Second, after spending his previous books building up the likes of Geoffrey Canada (who twice “fired” an entire cohort of students because they weren’t performing well on the standardized tests) and Angela Duckworth (who is profiting from teaching children in poverty “grit” skills, even though she herself denies that’s what her work should be used for), Tough refuses to admit any previous error or fully acknowledge the implications of his new perspective. I never would have thought I would be an admirer of Diane Ravitch after her work as Assistant Secretary of Education under George H.W. Bush and her launching of the “accountability” movement, but she has fully renounced her former positions and openly admitted the error of her thinking. Tough needs to take a similar openly self-reflective course.
I could also fault Tough for refusing to follow his own research to its logical conclusion. If a child’s environment is so important to his/her development (and it is), then why are we only tinkering around the edges of the environment? If poverty is so devastating to children who grow up in it, why focus on education for children in poverty, rather than the environment of poverty itself? Why not call for solutions to income/wealth inequality? Why not structural social changes to eliminate poverty? An end to “austerity” and “neoliberalism”? A call for good, living wage jobs with good benefits? A call for a strong social safety net, universal healthcare and housing as rights? But Tough doesn’t seem to think such grand changes are possible. Neoliberalism is the future, There Is No Alternative. The best we can do is make everyone as comfortable as possible within their allotted station in life. We can improve education for children in poverty, but there’s nothing we can do about poverty itself.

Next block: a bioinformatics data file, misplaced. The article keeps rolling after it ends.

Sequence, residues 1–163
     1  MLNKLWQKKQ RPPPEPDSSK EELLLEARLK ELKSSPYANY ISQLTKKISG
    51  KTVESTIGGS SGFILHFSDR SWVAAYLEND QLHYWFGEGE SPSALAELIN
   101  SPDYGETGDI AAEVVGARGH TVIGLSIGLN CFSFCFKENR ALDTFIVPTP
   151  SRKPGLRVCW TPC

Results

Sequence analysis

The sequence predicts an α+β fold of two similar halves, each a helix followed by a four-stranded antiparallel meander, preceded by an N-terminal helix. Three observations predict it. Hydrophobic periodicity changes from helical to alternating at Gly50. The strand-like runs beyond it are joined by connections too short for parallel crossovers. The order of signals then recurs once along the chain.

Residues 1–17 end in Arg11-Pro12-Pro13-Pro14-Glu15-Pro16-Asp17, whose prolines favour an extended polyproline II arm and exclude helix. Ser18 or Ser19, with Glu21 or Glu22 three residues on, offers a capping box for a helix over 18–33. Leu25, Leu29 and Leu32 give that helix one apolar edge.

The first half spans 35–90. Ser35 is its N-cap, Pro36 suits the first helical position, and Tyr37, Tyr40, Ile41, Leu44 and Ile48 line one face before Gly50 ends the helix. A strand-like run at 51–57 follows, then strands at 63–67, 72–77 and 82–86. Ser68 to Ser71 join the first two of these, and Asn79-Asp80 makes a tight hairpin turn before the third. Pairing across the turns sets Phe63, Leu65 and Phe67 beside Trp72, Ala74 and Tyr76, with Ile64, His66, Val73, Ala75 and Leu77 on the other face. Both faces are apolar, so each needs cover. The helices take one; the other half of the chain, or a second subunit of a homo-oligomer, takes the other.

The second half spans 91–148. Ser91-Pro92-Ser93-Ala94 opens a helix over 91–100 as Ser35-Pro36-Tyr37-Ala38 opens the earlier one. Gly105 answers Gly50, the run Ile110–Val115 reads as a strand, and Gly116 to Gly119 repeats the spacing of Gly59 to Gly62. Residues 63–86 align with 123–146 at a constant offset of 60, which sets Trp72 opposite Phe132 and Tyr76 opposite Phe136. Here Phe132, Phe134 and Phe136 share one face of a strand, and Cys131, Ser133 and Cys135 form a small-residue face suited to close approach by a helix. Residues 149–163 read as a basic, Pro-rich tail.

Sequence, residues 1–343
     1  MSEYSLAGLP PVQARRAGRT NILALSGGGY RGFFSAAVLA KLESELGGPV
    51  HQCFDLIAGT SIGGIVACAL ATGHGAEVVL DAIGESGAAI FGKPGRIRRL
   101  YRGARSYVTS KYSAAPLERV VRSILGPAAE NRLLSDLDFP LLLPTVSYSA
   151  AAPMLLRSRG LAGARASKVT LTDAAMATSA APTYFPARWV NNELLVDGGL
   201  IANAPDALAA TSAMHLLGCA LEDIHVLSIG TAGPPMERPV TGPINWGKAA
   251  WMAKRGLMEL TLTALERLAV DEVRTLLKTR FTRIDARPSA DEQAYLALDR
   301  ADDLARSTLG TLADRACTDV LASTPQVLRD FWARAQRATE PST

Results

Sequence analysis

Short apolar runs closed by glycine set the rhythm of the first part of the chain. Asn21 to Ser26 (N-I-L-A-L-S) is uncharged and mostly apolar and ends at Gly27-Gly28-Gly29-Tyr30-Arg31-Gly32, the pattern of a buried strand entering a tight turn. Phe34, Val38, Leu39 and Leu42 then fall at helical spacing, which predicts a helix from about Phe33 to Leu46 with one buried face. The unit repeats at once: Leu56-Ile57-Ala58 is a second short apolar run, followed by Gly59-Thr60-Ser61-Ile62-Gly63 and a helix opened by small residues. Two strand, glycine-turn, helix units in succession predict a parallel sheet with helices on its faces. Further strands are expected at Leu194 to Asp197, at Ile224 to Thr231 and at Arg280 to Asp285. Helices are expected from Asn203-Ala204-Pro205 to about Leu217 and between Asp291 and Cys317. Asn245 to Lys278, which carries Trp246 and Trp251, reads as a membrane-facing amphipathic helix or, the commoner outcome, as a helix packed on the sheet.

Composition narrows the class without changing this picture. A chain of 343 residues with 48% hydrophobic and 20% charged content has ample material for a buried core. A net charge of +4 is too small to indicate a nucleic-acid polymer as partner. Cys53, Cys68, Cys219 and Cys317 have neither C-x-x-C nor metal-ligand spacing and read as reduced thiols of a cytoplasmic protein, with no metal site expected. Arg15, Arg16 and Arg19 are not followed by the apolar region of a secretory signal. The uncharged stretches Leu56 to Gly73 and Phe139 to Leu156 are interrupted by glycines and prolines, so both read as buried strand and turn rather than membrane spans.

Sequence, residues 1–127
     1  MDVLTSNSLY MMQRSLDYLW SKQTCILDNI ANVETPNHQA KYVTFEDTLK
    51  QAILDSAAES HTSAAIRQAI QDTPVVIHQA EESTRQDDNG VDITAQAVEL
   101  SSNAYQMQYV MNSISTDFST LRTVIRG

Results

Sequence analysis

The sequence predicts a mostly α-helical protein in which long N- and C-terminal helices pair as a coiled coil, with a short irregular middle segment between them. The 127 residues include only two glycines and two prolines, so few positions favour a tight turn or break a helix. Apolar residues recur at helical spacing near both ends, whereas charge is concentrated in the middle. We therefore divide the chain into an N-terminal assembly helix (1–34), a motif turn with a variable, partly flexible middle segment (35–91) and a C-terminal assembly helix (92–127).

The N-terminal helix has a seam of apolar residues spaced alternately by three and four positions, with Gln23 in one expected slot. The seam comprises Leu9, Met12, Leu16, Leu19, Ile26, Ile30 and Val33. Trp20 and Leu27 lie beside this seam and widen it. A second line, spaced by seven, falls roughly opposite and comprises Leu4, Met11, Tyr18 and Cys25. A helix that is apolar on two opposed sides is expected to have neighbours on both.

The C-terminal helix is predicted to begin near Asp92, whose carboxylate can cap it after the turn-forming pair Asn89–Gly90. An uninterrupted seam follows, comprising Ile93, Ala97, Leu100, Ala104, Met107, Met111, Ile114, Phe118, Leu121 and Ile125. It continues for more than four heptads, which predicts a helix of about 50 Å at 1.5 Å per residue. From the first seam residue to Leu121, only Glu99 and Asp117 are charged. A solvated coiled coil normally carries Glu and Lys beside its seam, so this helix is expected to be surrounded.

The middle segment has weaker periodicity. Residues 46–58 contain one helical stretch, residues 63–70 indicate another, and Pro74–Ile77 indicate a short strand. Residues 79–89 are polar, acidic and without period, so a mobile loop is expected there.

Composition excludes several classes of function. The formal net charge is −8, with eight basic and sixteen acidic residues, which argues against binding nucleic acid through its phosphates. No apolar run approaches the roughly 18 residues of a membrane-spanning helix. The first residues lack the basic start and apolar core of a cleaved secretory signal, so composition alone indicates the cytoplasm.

Finally, one of my biggest peeves with Tough (and many other “reformers”, such as KIPP) is their complete failure to acknowledge and credit the huge body of work that has gone before them. After promoting “grit” and “no excuses” and other harmful policies, such “reformers” are discovering just how harmful they are and quietly revising their stance to become kinder and gentler and focusing more on relationships, less on punishment. But progressive education is no new thing. It’s been around since at least John Dewey’s day 100 years ago. There is a substantial body of research demonstrating the effectiveness of whole-person, student directed, experiential learning. In fact, the superiority of such education over rote, test-based, direct instruction is so clear that for decades the elite have sent their own kids to schools that use progressive models, such as Sidwell Friends, Lakeside Academy and the University of Chicago Lab School. For decades the powers that be have known what is best for their own children, while foisting “grit” and standardized testing on other people’s children. I guess I’m supposed to be grateful that, in the never-ending quest for “innovation”, the “reformers” are finally stumbling onto what’s been known for 100 years, and maybe now everybody’s children can get an education rooted in whole-child development supported by caring relationships and meeting basic needs. And, if in fact, Tough’s recognition among the “reformers” allows for more progressive education for children in poverty (as well as children not in poverty, but not rich either), then I will be grateful. But please don’t pretend that this is anything new or “innovative”. In fact, Tough and others are quite late to the game.